Life Saving Shoes: My360Project

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The Heart of DMC post highlights an organization chosen by a member of the DMC writing team. The chosen organization is near and dear to the heart of the person who authored this piece and publication of this post does not indicate endorsement or a sponsored relationship with DMC as an organization.

Recently, I had the opportunity to chat with Darryl Carnley, founder of the nonprofit organization My360Project. The mission of this company is clear in its tagline: Giving Shoes, Saving Lives.

But how can a pair of shoes save lives? And what does it have to do with us? Let’s dive in together and find out.

my360project

What led Carnley and his wife, Pauline, to the decision to start My360Project? He says it was primarily, seeing the need kids had for shoes. Shoes mean health and access to education. But it didn’t stop there. They also wanted to come up with a solution to provide much-needed work in the same regions where people needing shoes lived. Carnley states, “We knew we wanted to empower communities with our builds. We truly wanted to disrupt the cycle of poverty.”

In July 2017, the company officially became a nonprofit, after years of dreaming and working. In fact, nearly two years prior, Carnley met with Mike Friton, a former Nike developer. They began the research and development process on their specific shoe, now known as the 360Mox, in 2016, leading up to a 1.5-year span where they worked on the beta test design. Carnley says it was not a simple process.

“A lot was going into this. First, we wanted to do an easy build shoe. One that we could build in the jungles of Africa. I wanted to give ladies there jobs, but what if we ended up having no electricity? Second, not only did it have to be a simple build, but it also had to be a correct option for a foot that has never worn a shoe. This is where Mike and his knowledge really came in. And last, we needed the shoe to have the ability to grow a few sizes, which the Mox does,” Carnley shares.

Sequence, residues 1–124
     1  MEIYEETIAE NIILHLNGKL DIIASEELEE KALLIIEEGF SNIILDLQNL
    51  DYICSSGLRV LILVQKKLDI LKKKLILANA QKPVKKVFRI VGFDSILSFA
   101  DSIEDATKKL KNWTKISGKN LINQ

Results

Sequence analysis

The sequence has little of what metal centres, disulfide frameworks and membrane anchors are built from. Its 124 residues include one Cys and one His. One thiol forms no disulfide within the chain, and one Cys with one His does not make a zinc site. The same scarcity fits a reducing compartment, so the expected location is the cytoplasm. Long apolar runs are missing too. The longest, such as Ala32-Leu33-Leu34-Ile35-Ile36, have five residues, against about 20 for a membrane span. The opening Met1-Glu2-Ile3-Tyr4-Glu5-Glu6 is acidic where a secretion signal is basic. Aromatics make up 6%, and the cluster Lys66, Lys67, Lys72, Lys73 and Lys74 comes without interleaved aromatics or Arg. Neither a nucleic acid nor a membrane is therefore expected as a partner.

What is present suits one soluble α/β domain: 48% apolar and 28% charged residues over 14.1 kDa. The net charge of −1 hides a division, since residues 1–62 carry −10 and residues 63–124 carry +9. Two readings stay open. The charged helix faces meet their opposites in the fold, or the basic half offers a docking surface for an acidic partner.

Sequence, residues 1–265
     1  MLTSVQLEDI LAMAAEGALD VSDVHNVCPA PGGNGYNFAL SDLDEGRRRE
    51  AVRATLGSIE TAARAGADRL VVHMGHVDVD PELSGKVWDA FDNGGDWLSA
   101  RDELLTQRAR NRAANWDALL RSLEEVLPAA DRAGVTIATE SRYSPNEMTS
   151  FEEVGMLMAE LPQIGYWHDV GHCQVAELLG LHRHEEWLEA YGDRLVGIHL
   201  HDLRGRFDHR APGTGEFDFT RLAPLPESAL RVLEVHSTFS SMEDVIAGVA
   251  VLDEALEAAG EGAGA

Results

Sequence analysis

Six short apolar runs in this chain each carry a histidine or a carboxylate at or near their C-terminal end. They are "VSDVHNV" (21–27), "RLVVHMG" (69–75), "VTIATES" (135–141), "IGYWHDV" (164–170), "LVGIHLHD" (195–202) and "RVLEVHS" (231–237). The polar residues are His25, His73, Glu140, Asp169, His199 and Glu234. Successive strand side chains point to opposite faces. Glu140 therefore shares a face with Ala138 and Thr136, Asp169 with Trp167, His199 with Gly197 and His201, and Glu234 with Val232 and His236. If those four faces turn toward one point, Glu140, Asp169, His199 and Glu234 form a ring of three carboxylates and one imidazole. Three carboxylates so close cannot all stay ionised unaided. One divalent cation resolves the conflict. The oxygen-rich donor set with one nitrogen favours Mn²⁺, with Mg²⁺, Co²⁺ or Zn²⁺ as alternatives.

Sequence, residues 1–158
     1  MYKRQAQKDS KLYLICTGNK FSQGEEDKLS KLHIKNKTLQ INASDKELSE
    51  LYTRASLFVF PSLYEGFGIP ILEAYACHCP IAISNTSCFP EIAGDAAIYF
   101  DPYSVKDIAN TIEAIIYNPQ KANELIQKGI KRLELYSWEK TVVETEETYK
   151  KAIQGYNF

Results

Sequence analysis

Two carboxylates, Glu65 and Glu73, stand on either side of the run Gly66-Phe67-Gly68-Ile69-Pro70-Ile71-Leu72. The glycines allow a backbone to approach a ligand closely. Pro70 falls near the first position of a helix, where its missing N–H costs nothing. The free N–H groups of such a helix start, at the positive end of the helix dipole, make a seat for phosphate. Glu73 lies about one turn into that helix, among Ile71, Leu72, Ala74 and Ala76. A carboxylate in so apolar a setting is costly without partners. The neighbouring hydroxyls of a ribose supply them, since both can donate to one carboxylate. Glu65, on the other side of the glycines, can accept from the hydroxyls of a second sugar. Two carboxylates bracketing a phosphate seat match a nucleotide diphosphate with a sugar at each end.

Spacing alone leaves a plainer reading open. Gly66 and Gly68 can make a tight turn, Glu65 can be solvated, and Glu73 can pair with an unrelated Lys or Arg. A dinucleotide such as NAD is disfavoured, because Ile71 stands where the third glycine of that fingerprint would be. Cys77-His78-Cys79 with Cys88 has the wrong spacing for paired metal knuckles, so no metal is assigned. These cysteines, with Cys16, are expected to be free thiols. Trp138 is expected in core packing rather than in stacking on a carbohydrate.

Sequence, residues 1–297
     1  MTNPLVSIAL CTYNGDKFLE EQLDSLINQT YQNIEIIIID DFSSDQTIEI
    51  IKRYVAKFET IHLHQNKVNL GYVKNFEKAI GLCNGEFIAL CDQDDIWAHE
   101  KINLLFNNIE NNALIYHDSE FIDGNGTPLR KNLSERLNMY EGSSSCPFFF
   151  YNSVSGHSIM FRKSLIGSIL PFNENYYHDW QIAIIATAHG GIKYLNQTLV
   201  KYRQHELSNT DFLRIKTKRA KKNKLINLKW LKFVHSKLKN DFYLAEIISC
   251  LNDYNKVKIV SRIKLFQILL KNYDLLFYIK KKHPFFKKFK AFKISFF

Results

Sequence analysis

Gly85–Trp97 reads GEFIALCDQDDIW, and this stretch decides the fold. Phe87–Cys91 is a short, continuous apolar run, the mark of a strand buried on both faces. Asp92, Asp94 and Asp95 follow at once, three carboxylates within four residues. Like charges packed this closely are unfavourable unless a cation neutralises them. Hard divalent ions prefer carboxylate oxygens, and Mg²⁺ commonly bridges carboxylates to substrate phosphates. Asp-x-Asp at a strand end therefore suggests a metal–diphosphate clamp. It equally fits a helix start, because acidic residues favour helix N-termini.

The name 360Mox comes from the similarity the shoe type bears to that of a moccasin. The shoe is adjustable in just about every way and comes in four sizes. According to their website, the shoe can “expand in the heel, toe, and on each side.” In addition, the shoes are repairable, and as much as possible, the company tries to locally source.

To date, over 5,000 kids have benefited from the work of My360Project in 13 different countries. It was important to Carnley, however, that we know this is not your average shoe drop. “We want kids to have shoes. But, we want it done correctly. And it needs to follow our protocol. We want to provide good jobs, put money into their economy, and then see a child blown away and blessed by a holy pedicure,” he says. The team and volunteers spend time with the kids, they wash the feet of the children and then they place the shoes on them. Their process exists to ensure people feel seen and valued.

This concept also extends to the local artisans who create the shoes. Artisans in this organization come from difficult backgrounds, such as high poverty and trafficking. The goal of the program is to train artisans over the course of a year working with My360Project and from there, to help them establish themselves or even their own business. “They are learning to live well. They are in programs to help them. And we are helping offer practical steps for them to succeed within their community,” Carnley says.

How can we get involved with My360Project?

Carnley says there are multiple things we can do. Financially, the company needs people to sponsor shoes. Becoming a shoe hero takes $35 to sponsor a pair of shoes, in turn changing the life of a kid. Another simple thing is to use AmazonSmile for their company. They also need people to get the word out about what they are doing. In short, just tell others. Click here to learn more and consider coming alongside to support them in their world-changing effort.

Also, be on the lookout for new things coming out of My360Project in the near future. They are currently in the process of launching a program that would intertwine art, sponsoring shoes, and kids who need to receive the shoes. Imagine your kid painting a pair of Mox and then receiving a photo of a child receiving the pair of shoes they worked on. I can’t wait to continue watching the amazing things coming out of this nonprofit!

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